The New South Wales Government has started works to remove a number of fixed speed cameras found in a July audit to be ineffective in reducing the state's road tolls.
NSW Roads Minister Duncan Gay said this week that the first of the 38 cameras, which have already been switched off, has been removed at Tilbuster on the New England Highway.
“When it was first installed, the speed camera was on a bend, but thanks to safety work this section of road has now been realigned," Mr Gay said.
He added that cameras were being removed first in locations with the lowest crash risk history.
“This week fixed speed cameras will also be removed at Quirindi and Llangothlin on the New England Highway and at Angledale on the Princes Highway,” he said.
He added that a safety route review has been established to investigate the potential for alternative safety measures at the locations of the deactivated cameras.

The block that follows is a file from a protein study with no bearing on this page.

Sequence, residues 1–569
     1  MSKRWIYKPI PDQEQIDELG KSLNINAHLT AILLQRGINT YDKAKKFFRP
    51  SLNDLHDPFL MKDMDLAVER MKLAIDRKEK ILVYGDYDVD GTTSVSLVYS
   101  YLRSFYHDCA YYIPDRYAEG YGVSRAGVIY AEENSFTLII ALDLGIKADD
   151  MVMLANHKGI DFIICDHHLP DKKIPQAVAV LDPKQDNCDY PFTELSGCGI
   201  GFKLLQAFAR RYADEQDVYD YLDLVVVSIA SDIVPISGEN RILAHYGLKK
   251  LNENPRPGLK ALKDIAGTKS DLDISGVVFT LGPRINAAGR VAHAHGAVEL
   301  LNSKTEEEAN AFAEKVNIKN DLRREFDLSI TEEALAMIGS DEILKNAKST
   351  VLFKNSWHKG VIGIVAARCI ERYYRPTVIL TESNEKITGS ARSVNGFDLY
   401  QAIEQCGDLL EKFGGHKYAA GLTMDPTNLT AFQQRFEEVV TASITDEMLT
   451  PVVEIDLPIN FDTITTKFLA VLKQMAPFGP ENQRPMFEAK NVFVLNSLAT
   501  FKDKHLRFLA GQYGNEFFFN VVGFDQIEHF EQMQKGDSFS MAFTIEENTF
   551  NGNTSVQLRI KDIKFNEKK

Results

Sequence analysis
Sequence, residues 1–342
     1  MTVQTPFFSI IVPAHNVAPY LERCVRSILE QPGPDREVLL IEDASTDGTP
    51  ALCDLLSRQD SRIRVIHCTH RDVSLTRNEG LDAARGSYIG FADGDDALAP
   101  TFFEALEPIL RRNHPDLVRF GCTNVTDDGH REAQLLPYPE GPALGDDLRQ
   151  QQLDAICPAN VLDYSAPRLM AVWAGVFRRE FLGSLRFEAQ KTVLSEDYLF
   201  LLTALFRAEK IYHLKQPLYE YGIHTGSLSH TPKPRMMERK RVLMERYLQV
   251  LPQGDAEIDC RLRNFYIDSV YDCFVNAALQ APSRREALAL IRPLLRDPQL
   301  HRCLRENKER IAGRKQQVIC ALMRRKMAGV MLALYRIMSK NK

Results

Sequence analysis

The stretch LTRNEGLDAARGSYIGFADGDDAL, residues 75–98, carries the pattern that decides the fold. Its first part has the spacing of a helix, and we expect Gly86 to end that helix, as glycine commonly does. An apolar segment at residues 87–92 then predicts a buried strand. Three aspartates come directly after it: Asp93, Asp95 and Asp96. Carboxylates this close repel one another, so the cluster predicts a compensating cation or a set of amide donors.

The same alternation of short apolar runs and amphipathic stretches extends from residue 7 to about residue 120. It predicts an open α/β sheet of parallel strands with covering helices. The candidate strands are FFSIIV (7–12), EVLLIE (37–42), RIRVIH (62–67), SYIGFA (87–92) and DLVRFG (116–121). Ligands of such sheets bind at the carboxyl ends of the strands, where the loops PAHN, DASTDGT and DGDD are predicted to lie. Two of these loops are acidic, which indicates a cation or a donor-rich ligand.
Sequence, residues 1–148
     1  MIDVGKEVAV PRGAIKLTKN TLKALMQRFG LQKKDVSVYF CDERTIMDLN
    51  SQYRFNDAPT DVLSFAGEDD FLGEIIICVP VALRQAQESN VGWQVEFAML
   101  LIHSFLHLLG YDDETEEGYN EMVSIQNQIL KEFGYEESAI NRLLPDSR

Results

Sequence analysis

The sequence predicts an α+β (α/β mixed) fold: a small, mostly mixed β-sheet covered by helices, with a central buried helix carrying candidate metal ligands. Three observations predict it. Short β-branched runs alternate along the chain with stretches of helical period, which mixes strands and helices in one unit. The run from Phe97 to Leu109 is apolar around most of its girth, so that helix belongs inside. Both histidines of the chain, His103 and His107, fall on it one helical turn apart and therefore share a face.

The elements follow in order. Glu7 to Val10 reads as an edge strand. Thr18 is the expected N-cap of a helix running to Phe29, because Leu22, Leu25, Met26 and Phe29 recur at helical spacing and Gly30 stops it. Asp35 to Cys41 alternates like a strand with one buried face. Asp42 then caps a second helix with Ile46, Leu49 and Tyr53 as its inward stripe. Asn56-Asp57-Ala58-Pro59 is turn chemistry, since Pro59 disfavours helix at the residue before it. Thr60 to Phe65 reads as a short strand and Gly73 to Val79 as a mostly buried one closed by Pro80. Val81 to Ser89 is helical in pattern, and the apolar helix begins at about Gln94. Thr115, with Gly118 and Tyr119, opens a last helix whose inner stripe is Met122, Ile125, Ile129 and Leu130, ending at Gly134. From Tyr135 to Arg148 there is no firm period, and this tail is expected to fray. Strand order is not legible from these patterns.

The review will see the RTA's Centre for Road Safety working with NSW Police, NRMA and the public to find more effective ways to ensure safety in those areas.
Mr Gay said that the review will look at the crash history, traffic volumes, road conditions, land use and road user behaviour in the locations where cameras have been deactivated.
“The three cameras at Clunes, Gymea and Epping, operating in warning mode, will be the first locations to be reviewed and measures will be delivered by March 2012 depending on the work proposed,” he said.
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